BRX Pro Tip: Low Cost No Cost Methods for Testing Your Market Transcript
Stone Payton: [00:00:01] And we are back with Business RadioX Pro Tips. Lee Kantor and Stone Payton here with you. Lee, let’s talk a little bit about some low-cost, no-cost methods for testing the market for either a show or a Business RadioX studio?
Lee Kantor: [00:00:17] All right. Well, let’s start with kind of a show. If I wanted to see if a certain show had potential, I would want that person or me, if I was the one looking, I would go out to the marketplace and ask for interesting guests. I would try to maybe make a landing page or some sort of page where I can collect and socialize and say, “Hey, anybody, I’m starting this new show. It’s about this subject. And if you know anybody that would be a good guest, you know, have them go to this page, and sign up, and get on our waiting list for this—when the show launches. These will be where we’ll pull the initial guests.” So, I would definitely try to socialize that concept of interesting guest.
Lee Kantor: [00:00:59] I would also want to know what are some of the associations that serve that group, and I would contact them to see if they would want to be part of the show to see if this is something of interest. “Hey, I’m thinking about doing a show about this topic. I know that your association serves that industry, Would your leadership like to come on that show and talk about what you guys are up to?”
Stone Payton: [00:01:20] Interesting, because I think I would use the exact same strategy when it came to testing the market viability for a Business RadioX studio. The only thing I would do differently maybe is I would test different show concepts out of the marketplace. So, to some people, I might say, “Hey, me and my company, my operation, we’re thinking about underwriting a show to spotlight local business leaders. Does anyone come to mind that you think we ought to reach out to interview on that show?”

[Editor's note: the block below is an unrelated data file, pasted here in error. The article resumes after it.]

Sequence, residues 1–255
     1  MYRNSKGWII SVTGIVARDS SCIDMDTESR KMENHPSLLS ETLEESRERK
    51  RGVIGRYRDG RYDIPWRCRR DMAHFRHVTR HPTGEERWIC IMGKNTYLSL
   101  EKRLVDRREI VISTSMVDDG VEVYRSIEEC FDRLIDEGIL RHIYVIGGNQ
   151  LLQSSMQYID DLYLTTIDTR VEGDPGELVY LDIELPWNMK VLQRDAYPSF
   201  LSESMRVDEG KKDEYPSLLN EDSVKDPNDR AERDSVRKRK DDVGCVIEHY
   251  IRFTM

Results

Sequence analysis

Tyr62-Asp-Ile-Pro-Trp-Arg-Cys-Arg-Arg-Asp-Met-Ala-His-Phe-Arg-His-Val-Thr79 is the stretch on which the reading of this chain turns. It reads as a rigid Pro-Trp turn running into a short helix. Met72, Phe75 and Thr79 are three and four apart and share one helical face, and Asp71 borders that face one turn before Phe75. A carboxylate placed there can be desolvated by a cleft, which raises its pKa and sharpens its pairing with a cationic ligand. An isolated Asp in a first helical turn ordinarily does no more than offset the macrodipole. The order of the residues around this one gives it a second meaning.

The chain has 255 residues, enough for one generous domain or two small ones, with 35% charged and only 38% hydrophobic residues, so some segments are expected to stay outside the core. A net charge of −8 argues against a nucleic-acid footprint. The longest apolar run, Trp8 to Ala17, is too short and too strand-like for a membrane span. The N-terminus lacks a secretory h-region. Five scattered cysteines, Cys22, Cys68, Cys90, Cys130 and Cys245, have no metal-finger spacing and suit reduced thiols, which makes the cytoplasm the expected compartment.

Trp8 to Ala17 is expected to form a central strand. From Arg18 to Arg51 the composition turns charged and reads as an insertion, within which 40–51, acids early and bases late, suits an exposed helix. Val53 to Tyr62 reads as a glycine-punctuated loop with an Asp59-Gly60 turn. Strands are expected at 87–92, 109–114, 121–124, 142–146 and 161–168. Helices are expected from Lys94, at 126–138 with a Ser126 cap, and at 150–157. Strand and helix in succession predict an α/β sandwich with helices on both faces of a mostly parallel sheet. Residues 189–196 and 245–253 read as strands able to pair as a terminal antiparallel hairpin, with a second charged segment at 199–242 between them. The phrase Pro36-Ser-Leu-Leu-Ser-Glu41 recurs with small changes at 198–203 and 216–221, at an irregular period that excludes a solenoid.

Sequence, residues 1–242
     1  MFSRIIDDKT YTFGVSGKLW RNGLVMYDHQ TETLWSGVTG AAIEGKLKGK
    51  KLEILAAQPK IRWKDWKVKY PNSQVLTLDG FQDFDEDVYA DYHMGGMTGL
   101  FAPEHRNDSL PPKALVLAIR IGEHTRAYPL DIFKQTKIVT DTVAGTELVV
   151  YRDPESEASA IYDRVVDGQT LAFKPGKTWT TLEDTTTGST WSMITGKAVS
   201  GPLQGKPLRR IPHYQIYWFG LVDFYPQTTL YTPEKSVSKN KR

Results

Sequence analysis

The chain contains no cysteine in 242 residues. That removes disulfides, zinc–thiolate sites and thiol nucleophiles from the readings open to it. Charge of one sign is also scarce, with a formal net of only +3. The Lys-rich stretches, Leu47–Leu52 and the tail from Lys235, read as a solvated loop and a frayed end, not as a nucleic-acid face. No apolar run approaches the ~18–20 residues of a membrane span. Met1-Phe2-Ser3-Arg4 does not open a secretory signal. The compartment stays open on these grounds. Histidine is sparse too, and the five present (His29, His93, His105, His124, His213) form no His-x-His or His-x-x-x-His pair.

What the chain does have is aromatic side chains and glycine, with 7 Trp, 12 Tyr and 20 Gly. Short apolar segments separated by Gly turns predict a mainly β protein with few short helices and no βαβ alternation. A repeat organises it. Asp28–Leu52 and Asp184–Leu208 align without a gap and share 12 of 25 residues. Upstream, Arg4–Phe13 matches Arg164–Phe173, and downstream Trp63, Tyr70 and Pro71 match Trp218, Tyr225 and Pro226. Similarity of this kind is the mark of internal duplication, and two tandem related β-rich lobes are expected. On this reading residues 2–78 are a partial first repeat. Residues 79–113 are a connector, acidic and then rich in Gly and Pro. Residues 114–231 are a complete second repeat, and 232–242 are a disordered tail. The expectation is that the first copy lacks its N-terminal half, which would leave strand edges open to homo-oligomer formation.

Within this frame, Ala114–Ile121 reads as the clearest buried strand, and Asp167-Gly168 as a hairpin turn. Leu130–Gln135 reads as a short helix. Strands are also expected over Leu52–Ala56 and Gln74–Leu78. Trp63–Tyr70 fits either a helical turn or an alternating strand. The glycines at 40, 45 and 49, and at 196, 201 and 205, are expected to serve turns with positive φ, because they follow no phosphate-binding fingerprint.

Stone Payton: [00:01:47] But then, I might also, in that same day or with a little different constituency, say, “Yeah, it looks like we’re going to be underwriting a show focused on women in business. You know, do you know some really powerful women doing some interesting things that could tell some compelling stories?” And I might try that with a variety of different, you know, like smaller subsets of the larger ecosystem, because I know each of those subsets, whether it’s technology, whether it’s women, whether the topic is diversity or software, whatever, those are all potential revenue streams. And I can get a real—I can get a good temperature reading, I think, on interest in those topic areas and viability for not just a show but a whole suite of shows, i.e. a studio.
Lee Kantor: [00:02:34] And then another thing, I would add, if I was looking to open a studio, I would go to all the co-working spaces, the incubators, maybe some of the large businesses and say, “Hey, I’m thinking of opening a Business RadioX studio. Would you be open to us having it here and giving us free rent for six months or twelve months, so I can test it? And in exchange, I’ll give you a free show and I’ll spotlight your members,” or something like that because if I got free rent and I knew that there was a bunch of people that want to be on my show, it becomes kind of a no-brainer situation to open the studio.
Stone Payton: [00:03:10] Amen